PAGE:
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We build the picture of crime impacting Australia by collecting and combining information to discover new areas of national focus.

Discover 1

Table showing performance criterion for Discover 1-The picture of crime impacting Australia is improving because the ACIC is discovering crime threats, vulnerabilities, patterns, methods and trends previously unknown. Result-MET


By discovering and sharing intelligence on previously unknown threats, we are contributing to national understanding so that we and our partners can better respond to crime impacting Australia and make Australia safer.

Identifying new threats

During 2019–20, our intelligence gathering and analysis led to the identification and understanding of new criminal methodologies and the discovery and disruption of previously unknown criminal threats to Australia.

For example:

  • The ACIC utilised knowledge gained from coercive hearings into insider threats within the bookmaking sector to obtain unique insights into vulnerabilities within domestic bookmakers’ processes and wider risks to the corporate bookmaking sector.
  • We identified the complicit involvement of business owners linked to a corrupt registered migration agent, providing insights to the vulnerabilities and methodologies of the agent and other, complicit migration agents.
  • An investigation was conducted into cross-border trafficking of firearms. Our analysis of intelligence indicated that the suspect and associates were involved in the theft and trafficking of firearms between Tasmania and Victoria, in conjunction with trafficking of methylamphetamine.

Efforts such as these have strengthened our relationships and collaboration with domestic and international partner agencies, enhancing the ACIC’s ability to identify and leverage strategic opportunities to create a more hostile environment for transnational serious and organised crime impacting Australia.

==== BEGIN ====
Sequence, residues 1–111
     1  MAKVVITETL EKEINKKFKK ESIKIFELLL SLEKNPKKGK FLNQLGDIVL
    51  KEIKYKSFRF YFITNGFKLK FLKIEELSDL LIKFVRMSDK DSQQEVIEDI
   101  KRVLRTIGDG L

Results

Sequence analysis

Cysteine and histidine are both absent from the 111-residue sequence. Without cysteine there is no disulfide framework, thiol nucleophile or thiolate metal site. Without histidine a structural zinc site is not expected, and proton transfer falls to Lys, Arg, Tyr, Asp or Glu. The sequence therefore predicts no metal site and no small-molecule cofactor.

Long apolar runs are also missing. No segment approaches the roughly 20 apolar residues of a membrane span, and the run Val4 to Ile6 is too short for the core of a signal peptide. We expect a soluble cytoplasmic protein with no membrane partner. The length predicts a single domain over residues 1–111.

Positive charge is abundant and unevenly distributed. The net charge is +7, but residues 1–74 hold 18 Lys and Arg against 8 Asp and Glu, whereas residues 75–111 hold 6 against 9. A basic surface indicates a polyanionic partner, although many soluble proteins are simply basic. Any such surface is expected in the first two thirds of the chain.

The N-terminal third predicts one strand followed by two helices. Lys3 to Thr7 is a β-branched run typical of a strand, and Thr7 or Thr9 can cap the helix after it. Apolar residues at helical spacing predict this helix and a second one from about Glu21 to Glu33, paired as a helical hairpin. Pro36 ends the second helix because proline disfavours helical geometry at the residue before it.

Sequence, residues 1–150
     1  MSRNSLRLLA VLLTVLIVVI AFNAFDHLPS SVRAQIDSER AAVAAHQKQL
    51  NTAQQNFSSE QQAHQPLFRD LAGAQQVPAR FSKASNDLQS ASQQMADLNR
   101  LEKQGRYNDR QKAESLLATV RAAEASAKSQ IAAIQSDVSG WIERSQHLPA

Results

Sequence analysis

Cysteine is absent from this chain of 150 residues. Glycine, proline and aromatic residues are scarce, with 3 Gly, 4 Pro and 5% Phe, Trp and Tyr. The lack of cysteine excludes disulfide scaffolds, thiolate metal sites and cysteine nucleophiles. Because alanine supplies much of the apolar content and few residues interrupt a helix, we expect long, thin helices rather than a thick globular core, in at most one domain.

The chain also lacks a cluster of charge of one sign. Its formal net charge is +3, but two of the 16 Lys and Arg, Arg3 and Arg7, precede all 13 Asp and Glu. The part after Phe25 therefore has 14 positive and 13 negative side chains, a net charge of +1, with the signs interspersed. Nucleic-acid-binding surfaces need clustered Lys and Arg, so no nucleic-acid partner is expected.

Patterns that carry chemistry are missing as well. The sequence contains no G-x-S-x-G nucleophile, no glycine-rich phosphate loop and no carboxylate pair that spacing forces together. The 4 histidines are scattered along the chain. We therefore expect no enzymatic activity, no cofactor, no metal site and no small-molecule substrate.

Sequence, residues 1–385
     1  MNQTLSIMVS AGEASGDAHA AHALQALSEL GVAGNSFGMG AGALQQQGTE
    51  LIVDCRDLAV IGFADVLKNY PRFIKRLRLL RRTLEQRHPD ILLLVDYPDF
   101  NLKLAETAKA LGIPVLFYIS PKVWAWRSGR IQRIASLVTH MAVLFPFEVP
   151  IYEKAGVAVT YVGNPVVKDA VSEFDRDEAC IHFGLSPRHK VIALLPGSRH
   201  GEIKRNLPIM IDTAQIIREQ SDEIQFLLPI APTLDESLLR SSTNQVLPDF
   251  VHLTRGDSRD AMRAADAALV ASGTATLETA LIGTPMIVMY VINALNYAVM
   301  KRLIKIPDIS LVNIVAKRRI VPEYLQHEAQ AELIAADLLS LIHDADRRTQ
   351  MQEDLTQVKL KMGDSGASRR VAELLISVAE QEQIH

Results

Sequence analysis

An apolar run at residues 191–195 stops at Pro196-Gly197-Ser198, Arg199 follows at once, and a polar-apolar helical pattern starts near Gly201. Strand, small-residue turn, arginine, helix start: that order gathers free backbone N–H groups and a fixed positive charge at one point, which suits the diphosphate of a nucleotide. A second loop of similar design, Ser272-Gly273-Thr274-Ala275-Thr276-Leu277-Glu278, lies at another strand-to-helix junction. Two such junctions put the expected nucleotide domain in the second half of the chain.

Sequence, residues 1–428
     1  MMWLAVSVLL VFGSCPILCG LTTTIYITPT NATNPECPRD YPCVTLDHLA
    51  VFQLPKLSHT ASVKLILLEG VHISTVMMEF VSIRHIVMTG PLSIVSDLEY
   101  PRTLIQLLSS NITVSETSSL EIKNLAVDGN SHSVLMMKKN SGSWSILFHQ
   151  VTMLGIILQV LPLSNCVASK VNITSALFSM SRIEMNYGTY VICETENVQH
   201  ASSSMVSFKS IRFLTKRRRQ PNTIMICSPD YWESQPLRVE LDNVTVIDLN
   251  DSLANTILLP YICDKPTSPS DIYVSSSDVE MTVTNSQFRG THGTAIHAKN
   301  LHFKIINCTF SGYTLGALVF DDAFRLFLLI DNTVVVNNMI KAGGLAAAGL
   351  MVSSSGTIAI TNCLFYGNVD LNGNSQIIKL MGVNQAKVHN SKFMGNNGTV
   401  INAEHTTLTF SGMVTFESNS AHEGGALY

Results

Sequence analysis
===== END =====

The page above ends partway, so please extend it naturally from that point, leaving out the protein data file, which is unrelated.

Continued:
Identifying criminal targets

In addition to the 208 previously unknown criminal targets identified in 2019–20, 29 previously known targets with involvement in new areas of criminality were identified, as shown in Figure 2.3.

Figure 2.3: Criminal targets identified

 The definition for this measure was expanded in 2017–18 and equivalent data for prior periods are not comparable.

The APOT strategy is an ACIC-led initiative focused on identifying, assessing, designating and coordinating operational responses to the transnational serious and organised crime targets that pose the greatest threat to Australia’s interests. The intent of the strategy is to improve understanding and facilitate disruption, in collaboration with our domestic and international law enforcement and intelligence partners within local, regional and global contexts, to enhance community safety in Australia.

In 2019–20, we assessed a range of targets across the transnational serious and organised crime environment, resulting in the addition of six new targets to the APOT list.

Using coercive powers

We use coercive powers in special operations and special investigations to discover new information about serious and organised crime, by conducting examinations and issuing notices to produce documents or items. When it is lawful to do so, we share with partners our intelligence products containing discoveries and any understanding gained through the use of coercive powers.

We report our use of coercive powers to support accountability and transparency. However, we do not provide a performance benchmark such as data on the historical averages for examinations and notices. A benchmark for comparison could create the impression that the use of coercive powers is driven by targets, when in fact the ACIC uses the powers when it is expedient to do so. Results of this work are shown in Figure 2.4.

Figure 2.4: Notices, examinations and intelligence products derived from examinations material

This figure shows three bar graphs. Graph 1 represents ‘Notices’ for 2015–16 = 352, 2016–17 = 531, 2017–18 = 347, 2018–19 = 266, 2019–20 = 181. Graph 2 represents ‘Examinations’ for 2015–16 = 202, 2016–17 = 227, 2017–18 = 212, 2018–19 = 193, 2019–20 = 157. Graph 3 represents ‘Intelligence products derived from examination material’ for 2015–16 = 249, 2016–17 = 187, 2017–18 = 188, 2018–19 = 177, 2019–20 = 139.

Stakeholder survey results

The transformation of the ACIC to be operationally agile and move closer to the cutting edge of significant criminality affecting Australia in the past 12 months has been excellent.’—Australian Government partner, 2020 Stakeholder Survey

Table 2.1: Stakeholder survey results—Discover 1

 ACIC provides information and intelligence on changes in the crime environment (such as new crime threats, methods, trends and patterns); Proportion of respondents who agreed or strongly agreed 2019–20 = 85% a change of +4 from 2018–19 = 81%, 2017–18 = 78%